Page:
Parents will learn how to protect their children from cyber abuse and risks at a free seminar in Bellevue Wednesday, June 18, hosted by Youth Eastside Services (YES).
“Safe Surfing: Old Threats, New Technologies” is scheduled for 7 to 9 p.m. at Interlake High School, 16245 NE 24th St.
The seminar is the second of three online safety presentations, part of the 2008 Microsoft Parenting Lifeline Community Speakers Series, providing parents and other concerned community leaders with the tools they need to keep kids safe online. The final seminar is planned for October of this year.
An expert panel will discuss and answer questions about cyber abuse and risks, including exploring new technology channels and devices, best practices for responding to and protecting against cyber dangers, and online safety tips and protection tools.
Featured speakers include Seattle Police Detective Malinda Wilson with the department’s Internet Crimes Against Children Task Force; Debbie Halela, director of general counseling for YES; Chris Sogn, substance abuse counselor for YES; Andrea Frost, substance abuse prevention coordinator for YES; and Kevin McCall, technical manager for Microsoft Corporation. Informational resource materials also will be provided.
“At Youth Eastside Services, we work with young people who are victims of cyber abuse,” said Patti Skelton-McGougan, executive director for YES. “This type of exploitation is a lot more common than many realize.”
Skelton-McGougan noted that even traditional threats such as substance abuse and gambling addictions are now being accessed through new technology channels including the Internet and cell phones.
“Our agency is proud to continue our partnership with Microsoft on the Parenting Lifeline Speakers Series, and welcome The Boeing Company, the Bellevue Reporter and Redmond Reporter as supporters of this important June series,” she said.
The presentation drew praise from Gov. Christine Gregoire.
“I applaud the efforts of Washington organizations that are investing in our youth,” Gregoire said. “In the Puget Sound, Youth Eastside Services continues to support and help kids and families. Their 2008 Microsoft Parenting Lifeline Community Speakers Series is an example of a valuable program that educates parents, teachers and community leaders about online dangers and how to help our kids stay safe.”
The use of technology through various device channels such as cell phones and the Internet continues to increase in popularity, Internet experts say. With summer vacations here, unstructured days can mean kids have more time to spend cyber surfing, and not just at home, but at a friend’s house, library, Internet café, through a cell phone or other public place offering online access.While engaging in online activities is marketed as fun and hip, unsupervised use and access leaves the door wide open to allow anyone at any time to interact with a child, and can mean parents have no way of knowing the types of exchanges “cyber friends” may be having with their kids.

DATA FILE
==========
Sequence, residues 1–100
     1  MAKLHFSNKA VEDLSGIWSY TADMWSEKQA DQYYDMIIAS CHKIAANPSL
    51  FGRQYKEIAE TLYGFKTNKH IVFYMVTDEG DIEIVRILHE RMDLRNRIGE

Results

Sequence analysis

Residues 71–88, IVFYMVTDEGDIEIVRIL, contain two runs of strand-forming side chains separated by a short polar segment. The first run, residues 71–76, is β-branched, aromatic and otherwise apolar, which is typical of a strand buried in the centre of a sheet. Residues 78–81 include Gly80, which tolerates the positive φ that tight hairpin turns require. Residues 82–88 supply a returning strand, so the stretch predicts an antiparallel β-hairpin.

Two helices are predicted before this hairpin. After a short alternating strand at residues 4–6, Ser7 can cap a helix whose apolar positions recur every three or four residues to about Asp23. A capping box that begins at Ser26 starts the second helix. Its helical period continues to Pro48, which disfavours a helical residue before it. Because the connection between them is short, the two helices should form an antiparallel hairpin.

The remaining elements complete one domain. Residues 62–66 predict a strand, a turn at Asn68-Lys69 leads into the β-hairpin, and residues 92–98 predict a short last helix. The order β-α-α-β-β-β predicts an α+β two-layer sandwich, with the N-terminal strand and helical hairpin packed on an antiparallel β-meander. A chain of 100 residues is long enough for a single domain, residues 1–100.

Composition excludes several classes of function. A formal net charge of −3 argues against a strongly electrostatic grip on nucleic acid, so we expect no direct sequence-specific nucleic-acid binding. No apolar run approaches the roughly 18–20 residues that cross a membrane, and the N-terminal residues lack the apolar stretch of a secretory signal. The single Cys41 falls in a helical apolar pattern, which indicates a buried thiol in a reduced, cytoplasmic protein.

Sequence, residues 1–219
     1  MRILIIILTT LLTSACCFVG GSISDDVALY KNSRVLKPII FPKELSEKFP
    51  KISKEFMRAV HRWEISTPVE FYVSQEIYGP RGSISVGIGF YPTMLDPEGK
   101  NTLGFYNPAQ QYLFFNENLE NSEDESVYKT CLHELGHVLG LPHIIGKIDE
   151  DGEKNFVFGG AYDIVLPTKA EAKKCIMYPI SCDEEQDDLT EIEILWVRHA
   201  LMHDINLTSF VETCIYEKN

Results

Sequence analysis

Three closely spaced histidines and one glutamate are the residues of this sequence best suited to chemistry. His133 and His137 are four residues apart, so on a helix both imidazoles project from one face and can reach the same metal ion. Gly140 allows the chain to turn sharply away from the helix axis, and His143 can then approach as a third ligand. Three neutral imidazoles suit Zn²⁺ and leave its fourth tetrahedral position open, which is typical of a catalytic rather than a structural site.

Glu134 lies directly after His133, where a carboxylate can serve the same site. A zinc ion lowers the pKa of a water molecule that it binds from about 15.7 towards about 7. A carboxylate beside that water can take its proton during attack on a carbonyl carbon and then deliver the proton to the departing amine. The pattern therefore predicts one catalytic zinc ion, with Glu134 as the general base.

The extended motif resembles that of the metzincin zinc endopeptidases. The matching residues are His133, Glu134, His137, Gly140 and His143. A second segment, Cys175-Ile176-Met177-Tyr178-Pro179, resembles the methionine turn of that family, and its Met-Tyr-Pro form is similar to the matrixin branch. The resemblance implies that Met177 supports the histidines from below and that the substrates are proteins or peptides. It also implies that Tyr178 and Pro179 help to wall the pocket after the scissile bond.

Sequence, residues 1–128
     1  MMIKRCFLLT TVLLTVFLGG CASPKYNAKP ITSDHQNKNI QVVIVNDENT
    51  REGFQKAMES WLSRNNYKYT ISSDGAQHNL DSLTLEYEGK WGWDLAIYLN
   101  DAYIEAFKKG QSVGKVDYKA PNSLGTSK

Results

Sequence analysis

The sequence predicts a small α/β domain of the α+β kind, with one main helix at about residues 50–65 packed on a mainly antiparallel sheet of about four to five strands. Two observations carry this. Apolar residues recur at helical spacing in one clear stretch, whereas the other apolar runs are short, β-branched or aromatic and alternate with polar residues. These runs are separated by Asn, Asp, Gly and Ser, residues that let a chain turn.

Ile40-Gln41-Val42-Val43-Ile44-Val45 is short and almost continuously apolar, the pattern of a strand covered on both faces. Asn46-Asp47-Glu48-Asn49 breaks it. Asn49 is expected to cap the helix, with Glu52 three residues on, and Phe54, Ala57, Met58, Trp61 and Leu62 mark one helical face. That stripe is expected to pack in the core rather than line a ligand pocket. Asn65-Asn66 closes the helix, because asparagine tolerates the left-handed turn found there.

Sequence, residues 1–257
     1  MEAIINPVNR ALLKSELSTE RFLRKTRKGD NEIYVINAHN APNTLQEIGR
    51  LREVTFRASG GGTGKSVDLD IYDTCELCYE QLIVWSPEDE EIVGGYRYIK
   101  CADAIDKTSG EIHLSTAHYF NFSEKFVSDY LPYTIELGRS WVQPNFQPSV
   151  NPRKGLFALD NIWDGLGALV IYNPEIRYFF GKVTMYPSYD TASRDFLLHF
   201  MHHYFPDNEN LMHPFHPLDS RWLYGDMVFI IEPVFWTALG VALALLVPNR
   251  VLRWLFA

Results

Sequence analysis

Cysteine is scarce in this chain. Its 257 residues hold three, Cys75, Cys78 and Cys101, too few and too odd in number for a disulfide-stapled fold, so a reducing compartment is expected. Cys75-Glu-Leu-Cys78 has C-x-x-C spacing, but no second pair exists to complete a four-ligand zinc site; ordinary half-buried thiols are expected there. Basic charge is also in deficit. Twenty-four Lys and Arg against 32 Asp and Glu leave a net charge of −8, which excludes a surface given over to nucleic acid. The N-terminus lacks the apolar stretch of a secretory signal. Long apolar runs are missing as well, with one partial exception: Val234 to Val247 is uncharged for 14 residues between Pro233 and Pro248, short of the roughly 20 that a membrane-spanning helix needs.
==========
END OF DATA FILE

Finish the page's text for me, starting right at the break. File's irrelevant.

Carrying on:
Cyber abuse is more common than many realize. Just recently, a survey conducted by Teen Research Unlimited found that technology often plays a negative role in young relationships. The survey noted that cell phones aid in teen dating abuse, with 71 percent of teens noting that spreading rumors through cell phones and social-networking sites is a serious problem. The survey also found that parents have no clue this type of abuse is happening.
“We estimate that today nearly 80 million kids are online, and with so many children using the Internet, it is much easier for predators to find and exploit them,” said Wilson, the Seattle Police Detective. “We work hard every day to protect children who use the Internet.”
Wilson added that adult supervision of children’s online activities is important in helping to reduce the amount of cyber crimes, which can include sexual exploitation of children, child pornography, child cyber-stalking, communication with a minor, and sexual assault of children.
Internet safeguard protections such as blocks and filters are a good first step towards prevention, but good parenting and communication are key to keeping children safe online. In addition to the panel discussion, the “Safe Surfing Seminar” will include information on accessing tools and resources that help protect kids online, creating a climate of trust and open communication with children, and ways to protect a computer and devices. For details, visit the Youth Eastside Services Web site at www.youtheastsideservices.org or call 425-747-4937.